On Sept. 15, the United States authorities responded to questions the protection has advised posing to potential jurors throughout their selection for the case in opposition to former FTX CEO Sam Bankman-Fried. He faces seven expenses of fraud and cash laundering in reference to the collapse of the cryptocurrency alternate that would land him in jail for many years.
The sides submitted their proposed questions to the courtroom on Sept. 11 and confirmed drastically completely different requirements for selection.
In a letter addressed to Judge Lewis Kaplan of the U.S. District Court for the Southern District of New York, U.S. Attorney Damian Williams objected to questions in 4 of the 14 sections of voir dire proposed by the protection. Voir dire is the method of questioning potential jurors. Williams wrote:
“The defendant’s proposed voir dire contains numerous unnecessary and time-consuming questions, often soliciting open-ended discussion, as well as questions that are repetitive, prejudicial, and argumentative.”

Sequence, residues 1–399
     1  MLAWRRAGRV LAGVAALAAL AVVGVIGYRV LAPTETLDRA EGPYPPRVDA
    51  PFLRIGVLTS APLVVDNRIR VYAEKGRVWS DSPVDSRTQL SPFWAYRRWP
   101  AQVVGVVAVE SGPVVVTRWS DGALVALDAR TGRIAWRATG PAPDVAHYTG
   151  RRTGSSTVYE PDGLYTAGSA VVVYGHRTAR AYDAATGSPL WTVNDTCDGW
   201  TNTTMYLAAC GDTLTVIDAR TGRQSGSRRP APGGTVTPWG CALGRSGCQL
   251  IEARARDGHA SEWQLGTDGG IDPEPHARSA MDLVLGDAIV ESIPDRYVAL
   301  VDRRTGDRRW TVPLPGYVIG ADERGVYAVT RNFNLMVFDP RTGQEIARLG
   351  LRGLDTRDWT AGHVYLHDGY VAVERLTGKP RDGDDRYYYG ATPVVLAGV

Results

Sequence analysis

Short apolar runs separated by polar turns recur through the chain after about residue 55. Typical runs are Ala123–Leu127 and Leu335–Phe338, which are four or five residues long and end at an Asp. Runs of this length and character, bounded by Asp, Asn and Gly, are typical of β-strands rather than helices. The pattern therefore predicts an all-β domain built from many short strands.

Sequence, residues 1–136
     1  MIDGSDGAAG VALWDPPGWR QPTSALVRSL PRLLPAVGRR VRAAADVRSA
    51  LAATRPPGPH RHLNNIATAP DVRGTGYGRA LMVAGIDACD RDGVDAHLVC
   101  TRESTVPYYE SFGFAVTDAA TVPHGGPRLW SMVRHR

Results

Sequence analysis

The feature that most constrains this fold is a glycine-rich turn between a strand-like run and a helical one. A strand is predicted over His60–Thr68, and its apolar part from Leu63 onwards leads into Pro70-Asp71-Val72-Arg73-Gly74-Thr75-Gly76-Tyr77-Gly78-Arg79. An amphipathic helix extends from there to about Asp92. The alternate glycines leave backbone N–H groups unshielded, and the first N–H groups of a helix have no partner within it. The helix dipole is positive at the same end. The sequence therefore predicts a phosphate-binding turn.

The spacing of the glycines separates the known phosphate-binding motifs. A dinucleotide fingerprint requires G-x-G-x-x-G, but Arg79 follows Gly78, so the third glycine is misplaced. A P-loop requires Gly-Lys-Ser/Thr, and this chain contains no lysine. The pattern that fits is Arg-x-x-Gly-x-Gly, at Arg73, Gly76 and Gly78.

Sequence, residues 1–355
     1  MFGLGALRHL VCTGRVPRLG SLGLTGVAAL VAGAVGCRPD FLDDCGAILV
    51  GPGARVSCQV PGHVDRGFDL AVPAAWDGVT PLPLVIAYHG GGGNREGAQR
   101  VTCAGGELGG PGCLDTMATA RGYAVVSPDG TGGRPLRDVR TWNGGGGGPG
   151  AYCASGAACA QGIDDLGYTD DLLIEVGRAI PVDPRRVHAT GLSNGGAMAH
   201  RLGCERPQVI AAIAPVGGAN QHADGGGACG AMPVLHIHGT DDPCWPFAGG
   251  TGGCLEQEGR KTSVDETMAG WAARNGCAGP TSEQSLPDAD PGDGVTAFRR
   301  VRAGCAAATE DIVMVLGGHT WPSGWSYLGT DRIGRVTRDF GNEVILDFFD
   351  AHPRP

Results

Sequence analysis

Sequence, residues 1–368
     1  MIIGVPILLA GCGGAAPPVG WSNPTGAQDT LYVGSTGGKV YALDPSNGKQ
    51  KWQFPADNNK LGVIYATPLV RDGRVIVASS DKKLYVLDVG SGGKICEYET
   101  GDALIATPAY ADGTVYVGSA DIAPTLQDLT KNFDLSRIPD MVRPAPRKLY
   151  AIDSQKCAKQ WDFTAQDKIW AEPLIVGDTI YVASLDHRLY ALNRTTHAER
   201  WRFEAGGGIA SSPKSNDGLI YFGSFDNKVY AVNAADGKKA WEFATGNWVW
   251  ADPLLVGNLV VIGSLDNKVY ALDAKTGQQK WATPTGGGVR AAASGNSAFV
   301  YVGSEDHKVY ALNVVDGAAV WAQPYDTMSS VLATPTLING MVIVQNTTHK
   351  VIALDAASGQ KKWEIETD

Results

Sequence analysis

Specifically, Williams objects to the questions in sections regarding pretrial publicity, the efficient altruism philosophical motion, political donations and lobbying, and attention-deficit/hyperactivity dysfunction (ADHD).
The pretrial publicity part has a shaky authorized basis, whereas questions about efficient altruism “are a thinly veiled attempt to advance a defense narrative.” Questions about political donations are irrelevant and people about ADHD are irrelevant and prejudicial, Williams wrote. Bankman-Fried is said to suffer from ADHD.
SBF’s jury selection delayed by at some point to Oct 3. pic.twitter.com/twfb5b69Q9
— Amy Castor (@ahcastor) September 13, 2023
The authorities’s questions, in distinction, are “standard, neutral, and appropriate,” Williams wrote. Both sides suggest asking future jurors about their attitudes towards cryptocurrency. Among the protection questions is:
“If a company involved in the cryptocurrency industry or the financial industry fails, do you feel that only the owners of the company must be to blame?”
Bankman-Fried has pleaded not guilty to the costs in opposition to him. His trial will start in New York on Oct. 3.